About 4 p.m. today morning, I have submitted a paper with some other researchers to a MODELS workshop called MoDeVVa. However there are several open questions, the main idea is IMO very innovative. I hope the program commitee also thinks so… Here’s the abstract of this paper:
Model-Based Testing is slowly becoming the next level of software testing. It promises higher quality, better coverage and efficient change management. MBT shows two main problems of modeling the test behavior. While modeling test cases test designers rewrite most of the system specification. Further, the number of test cases generated by modern tools is often not feasible. In practice, both problems are not solved. Assuming that the functional design is based on models, we show how to use them for software testing. With so-called test ideas, we propose a way to manually select and automatically transform the relevant parts of the design model into a basic test model that can be used for test case generation. We give an example and discuss the potentials for tool support.
This paper was accepted! Unfortunately I can’t travel to Denver, because some other researchers are already there and their publications were accepted for the main conference track. However I’m very happy!
Within my work in the industry, I have discovered that there are several benefits of using models for testing. Models can be used for test design, but also for test analysis. A first small approach is handling with the generation of a so called test basis list. I have submitted this paper to the CONQUEST conference (see http://www.isqi.org/konferenzen/conquest/2009/). Unfortunately it was declined. Here is the abstract of the paper:
One of the best quality assurance methods in software engineering projects is testing. Modern methods like model-based engineering promises higher quality and lower costs in long-term projects. As testers are often victims of the ad hoc nature of the development process, they need quick-wins to be convinced of the usage of models. At Capgemini sd&m Research we have developed several methods and tools for model driven engineering. In the domain of software testing, we use models for specification-based testing. The manual process of identifying the test basis is time consuming. To support the test process we propose a fully automated approach for generating a so called test basis list.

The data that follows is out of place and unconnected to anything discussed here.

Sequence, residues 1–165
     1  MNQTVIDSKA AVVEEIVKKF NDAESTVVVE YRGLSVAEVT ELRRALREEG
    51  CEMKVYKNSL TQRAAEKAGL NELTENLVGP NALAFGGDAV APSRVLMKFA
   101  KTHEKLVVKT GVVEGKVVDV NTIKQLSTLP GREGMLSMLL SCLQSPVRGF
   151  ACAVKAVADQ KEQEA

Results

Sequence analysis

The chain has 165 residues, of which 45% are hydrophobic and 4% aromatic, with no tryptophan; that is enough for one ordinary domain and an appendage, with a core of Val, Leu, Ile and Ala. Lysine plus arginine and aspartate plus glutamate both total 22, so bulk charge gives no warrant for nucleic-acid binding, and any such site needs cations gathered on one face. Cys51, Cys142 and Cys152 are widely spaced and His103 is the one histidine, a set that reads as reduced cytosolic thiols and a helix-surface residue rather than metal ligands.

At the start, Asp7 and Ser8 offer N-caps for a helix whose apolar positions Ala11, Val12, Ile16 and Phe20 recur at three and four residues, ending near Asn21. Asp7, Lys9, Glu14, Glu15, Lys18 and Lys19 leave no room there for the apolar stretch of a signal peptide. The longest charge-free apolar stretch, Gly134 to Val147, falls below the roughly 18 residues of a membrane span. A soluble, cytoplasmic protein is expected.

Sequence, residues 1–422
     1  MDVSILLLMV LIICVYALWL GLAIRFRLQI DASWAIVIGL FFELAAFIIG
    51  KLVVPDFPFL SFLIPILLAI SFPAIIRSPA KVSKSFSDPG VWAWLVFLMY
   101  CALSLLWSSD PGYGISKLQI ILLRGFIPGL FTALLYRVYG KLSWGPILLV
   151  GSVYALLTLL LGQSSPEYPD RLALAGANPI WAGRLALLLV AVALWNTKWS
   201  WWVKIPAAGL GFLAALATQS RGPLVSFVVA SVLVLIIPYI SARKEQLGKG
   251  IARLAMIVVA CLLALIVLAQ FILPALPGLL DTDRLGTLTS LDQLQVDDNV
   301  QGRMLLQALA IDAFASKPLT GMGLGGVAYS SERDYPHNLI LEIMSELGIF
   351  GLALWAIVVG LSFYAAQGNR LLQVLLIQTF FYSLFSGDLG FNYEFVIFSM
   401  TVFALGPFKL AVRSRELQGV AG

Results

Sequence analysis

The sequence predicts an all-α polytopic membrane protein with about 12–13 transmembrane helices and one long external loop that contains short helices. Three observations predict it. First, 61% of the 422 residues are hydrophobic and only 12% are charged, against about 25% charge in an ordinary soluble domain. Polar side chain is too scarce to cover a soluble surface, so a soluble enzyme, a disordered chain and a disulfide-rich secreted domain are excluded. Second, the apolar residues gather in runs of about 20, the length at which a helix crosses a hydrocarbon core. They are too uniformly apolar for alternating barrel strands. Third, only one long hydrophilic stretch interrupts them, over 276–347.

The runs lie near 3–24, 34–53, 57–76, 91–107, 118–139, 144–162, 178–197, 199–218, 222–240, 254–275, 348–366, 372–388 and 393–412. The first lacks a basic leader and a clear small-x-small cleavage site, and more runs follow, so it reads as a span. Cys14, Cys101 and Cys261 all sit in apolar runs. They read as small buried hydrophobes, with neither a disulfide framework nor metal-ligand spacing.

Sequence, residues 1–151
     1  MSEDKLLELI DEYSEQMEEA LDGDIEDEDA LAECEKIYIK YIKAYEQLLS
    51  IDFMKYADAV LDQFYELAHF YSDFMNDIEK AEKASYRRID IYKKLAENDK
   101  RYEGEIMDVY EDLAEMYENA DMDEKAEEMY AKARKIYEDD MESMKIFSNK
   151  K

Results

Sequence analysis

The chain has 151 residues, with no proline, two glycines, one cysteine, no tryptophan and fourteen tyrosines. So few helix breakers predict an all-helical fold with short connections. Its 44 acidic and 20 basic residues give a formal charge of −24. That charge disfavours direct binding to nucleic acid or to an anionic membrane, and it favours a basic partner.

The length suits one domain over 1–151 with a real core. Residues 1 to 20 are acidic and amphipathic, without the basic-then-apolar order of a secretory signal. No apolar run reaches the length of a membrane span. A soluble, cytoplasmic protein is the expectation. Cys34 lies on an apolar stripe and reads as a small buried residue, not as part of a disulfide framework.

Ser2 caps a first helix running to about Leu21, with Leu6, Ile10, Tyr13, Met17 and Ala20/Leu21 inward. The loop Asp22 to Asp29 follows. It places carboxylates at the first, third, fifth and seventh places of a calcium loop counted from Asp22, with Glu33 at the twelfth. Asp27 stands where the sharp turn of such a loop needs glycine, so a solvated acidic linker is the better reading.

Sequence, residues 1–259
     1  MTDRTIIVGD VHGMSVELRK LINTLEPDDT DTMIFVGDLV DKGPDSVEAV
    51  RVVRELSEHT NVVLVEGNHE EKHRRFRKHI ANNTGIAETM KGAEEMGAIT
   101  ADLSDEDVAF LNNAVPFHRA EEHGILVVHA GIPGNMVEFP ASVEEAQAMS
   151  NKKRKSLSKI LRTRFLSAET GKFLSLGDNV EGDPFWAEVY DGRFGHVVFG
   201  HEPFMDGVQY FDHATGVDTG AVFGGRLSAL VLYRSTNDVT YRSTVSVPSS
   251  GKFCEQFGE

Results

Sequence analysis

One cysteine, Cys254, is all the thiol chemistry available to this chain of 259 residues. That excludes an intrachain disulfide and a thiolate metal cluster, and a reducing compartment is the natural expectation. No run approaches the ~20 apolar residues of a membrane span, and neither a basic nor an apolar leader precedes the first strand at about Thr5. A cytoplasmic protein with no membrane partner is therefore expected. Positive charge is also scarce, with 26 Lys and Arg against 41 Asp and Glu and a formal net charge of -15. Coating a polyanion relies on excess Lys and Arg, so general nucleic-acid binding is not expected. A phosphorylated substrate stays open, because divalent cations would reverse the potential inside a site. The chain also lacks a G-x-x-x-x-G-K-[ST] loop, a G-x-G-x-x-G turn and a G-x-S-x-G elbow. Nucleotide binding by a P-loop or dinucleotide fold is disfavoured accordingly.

Together with a polish researcher from Wroclaw, I examinated some test automation frameworks and their usage in testing web applications. The interesting point is, that we have shown how those tools can be used with test-driven development. Our paper was accepted for the polish conference on software engineering KKIO (see http://kkio09.ee.pw.edu.pl/). Here is the POLISH abstract of our paper:
Rozdział prezentuje analizę porównawczą wybranych, darmowych narzędzi umożliwiających tworzenie zautomatyzowanych funkcjonalnych testów akceptacyjnych, czyli Fitnesse, STF, JFCUnit oraz Selenium. Badana jest możliwość stosowania tych narzędzi do testowania aplikacji internetowych wytwarzanych w procesie opierającym się o podejście programowania przez testy. Aplikacje internetowe są bardzo specyficzną grupą aplikacji. Do ich uruchomienia potrzeba serwera aplikacji. W związku z tym nie każda aplikacja nadaje się do przeprowadzania na nich testów akceptacyjnych. Dodatkowe komplikacje pojawiają się, jeżeli wymagać, aby testy powstały przed napisaniem kodu źródłowego, co ma miejsce w przypadku programowaniu przez testy.
Recently I had the ability to work with some other researchers on a publication about system testing in the model-based context. This paper was accepted as a short paper within the IEEE Euromicro conference in Greece (see http://seaa2009.vtt.fi/mde/). Here the abstract:
In system testing the system under test (SUT) is tested against high-level requirements which are captured at early phases of the development process. Logical test cases developed from these requirements must be translated to executable test cases by augmenting them with implementation details. If manually done these activities are error-prone and tedious. In this paper we introduce a model-based approach for system testing where we generate first logical test cases from use case diagrams which are partially formalized by visual contracts, and then we transform these to executable test cases using model transformation. We derive model transformation rules from the design decisions of developers.